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83

Enlightenment

An intellectual movement of the seventeenth and eighteenth centuries marked by a celebration of the powers of human reason, a keen interest in science, the promotion of religious toleration, and a desire to construct governments free of tyranny.

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84

Pietism

A Christian revival moment characterized by bible study the conversion experience and the individuals personal relationship with God.

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85

Natural rights

Rights that people supposedly have under natural law. The Declaration of Independence of the United States lists life, liberty, and the pursuit of happiness.

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86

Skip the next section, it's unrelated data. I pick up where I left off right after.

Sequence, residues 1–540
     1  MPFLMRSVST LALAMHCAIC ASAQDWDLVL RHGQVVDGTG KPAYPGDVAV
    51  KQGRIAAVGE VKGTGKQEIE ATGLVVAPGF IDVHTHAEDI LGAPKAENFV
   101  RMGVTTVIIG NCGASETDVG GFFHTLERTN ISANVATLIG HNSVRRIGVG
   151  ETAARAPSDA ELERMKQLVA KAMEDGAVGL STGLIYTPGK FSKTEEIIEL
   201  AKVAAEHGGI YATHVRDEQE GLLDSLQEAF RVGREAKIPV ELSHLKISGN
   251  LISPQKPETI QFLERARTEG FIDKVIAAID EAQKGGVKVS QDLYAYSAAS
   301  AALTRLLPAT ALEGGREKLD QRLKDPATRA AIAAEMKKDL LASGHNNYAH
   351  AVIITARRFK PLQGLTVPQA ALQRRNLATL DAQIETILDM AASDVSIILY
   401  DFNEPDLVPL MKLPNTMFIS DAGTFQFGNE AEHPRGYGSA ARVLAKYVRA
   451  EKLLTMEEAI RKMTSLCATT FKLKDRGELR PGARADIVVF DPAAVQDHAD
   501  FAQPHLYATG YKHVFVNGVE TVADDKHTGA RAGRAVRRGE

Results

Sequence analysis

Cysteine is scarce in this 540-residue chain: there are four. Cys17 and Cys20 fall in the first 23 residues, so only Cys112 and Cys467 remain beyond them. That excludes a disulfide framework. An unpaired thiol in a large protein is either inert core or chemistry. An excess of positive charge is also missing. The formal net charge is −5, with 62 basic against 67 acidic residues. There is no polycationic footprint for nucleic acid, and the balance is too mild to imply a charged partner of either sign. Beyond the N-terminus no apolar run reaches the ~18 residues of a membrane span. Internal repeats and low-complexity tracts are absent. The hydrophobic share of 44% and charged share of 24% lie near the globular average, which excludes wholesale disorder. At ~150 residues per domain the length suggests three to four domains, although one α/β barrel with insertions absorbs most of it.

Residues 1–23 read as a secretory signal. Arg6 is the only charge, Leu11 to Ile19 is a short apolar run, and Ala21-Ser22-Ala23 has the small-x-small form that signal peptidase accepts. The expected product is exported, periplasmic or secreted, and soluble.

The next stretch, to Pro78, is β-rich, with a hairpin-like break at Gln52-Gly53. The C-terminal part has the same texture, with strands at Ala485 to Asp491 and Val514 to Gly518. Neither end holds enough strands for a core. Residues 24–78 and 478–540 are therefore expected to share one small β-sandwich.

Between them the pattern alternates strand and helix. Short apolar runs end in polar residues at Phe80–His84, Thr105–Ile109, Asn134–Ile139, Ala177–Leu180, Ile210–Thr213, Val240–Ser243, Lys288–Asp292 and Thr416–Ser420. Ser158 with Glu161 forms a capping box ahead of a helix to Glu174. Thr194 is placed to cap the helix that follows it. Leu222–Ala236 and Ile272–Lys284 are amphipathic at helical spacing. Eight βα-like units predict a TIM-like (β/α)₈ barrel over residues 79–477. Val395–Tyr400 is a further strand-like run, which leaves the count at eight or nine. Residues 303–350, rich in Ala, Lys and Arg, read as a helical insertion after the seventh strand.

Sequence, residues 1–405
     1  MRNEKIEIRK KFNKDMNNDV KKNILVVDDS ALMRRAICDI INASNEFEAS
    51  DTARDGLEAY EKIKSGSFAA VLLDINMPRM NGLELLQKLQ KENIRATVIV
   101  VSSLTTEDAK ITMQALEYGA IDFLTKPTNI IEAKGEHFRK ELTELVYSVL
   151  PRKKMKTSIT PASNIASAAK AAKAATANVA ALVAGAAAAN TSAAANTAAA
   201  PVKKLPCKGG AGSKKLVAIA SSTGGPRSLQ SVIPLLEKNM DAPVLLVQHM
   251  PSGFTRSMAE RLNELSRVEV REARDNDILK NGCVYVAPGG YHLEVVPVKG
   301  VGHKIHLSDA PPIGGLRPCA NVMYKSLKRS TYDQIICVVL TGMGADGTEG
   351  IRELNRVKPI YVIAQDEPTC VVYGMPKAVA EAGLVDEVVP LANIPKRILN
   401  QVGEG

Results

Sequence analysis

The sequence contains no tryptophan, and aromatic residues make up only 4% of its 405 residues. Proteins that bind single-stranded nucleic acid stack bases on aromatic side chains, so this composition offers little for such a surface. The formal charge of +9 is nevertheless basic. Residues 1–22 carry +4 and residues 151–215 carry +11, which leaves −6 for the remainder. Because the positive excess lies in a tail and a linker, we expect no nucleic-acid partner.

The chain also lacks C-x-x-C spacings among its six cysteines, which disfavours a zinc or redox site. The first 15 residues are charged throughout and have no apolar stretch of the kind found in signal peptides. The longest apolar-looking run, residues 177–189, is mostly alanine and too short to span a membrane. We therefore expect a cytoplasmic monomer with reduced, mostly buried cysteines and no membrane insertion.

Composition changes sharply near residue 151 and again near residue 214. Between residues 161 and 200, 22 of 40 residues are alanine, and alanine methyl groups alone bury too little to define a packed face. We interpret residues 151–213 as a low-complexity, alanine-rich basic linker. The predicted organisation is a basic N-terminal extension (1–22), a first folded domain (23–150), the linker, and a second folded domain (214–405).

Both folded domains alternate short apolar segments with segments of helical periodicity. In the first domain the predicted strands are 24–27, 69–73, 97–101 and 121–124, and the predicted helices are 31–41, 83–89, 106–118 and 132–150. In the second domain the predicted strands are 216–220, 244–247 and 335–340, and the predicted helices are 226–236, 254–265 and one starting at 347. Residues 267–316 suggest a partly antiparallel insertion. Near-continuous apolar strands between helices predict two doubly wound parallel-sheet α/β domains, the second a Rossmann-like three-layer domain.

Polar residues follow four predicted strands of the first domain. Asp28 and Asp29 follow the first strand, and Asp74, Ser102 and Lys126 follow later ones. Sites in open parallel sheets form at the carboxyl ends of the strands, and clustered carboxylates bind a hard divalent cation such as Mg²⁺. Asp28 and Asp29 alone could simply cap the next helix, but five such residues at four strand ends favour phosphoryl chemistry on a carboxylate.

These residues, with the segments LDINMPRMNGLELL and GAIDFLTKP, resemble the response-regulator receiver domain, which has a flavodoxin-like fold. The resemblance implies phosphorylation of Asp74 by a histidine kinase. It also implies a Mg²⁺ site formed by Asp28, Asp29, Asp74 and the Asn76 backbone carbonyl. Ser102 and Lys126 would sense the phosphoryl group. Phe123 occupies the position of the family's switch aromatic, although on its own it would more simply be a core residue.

Deism

influenced by the spirit of rationalism, Desists believed that God, like a celestial clockmaker, had created a perfect universe and then had stepped back to let it operate according to natural laws.

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87

Revival

The spark or renewal of a religious enthusiasm.

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88

Old lights

Conservative ministers opposed to the passion displayed by evangelical preachers they preferred to emphasize the importance of cultivating a virtuous Christian life.

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89

New lights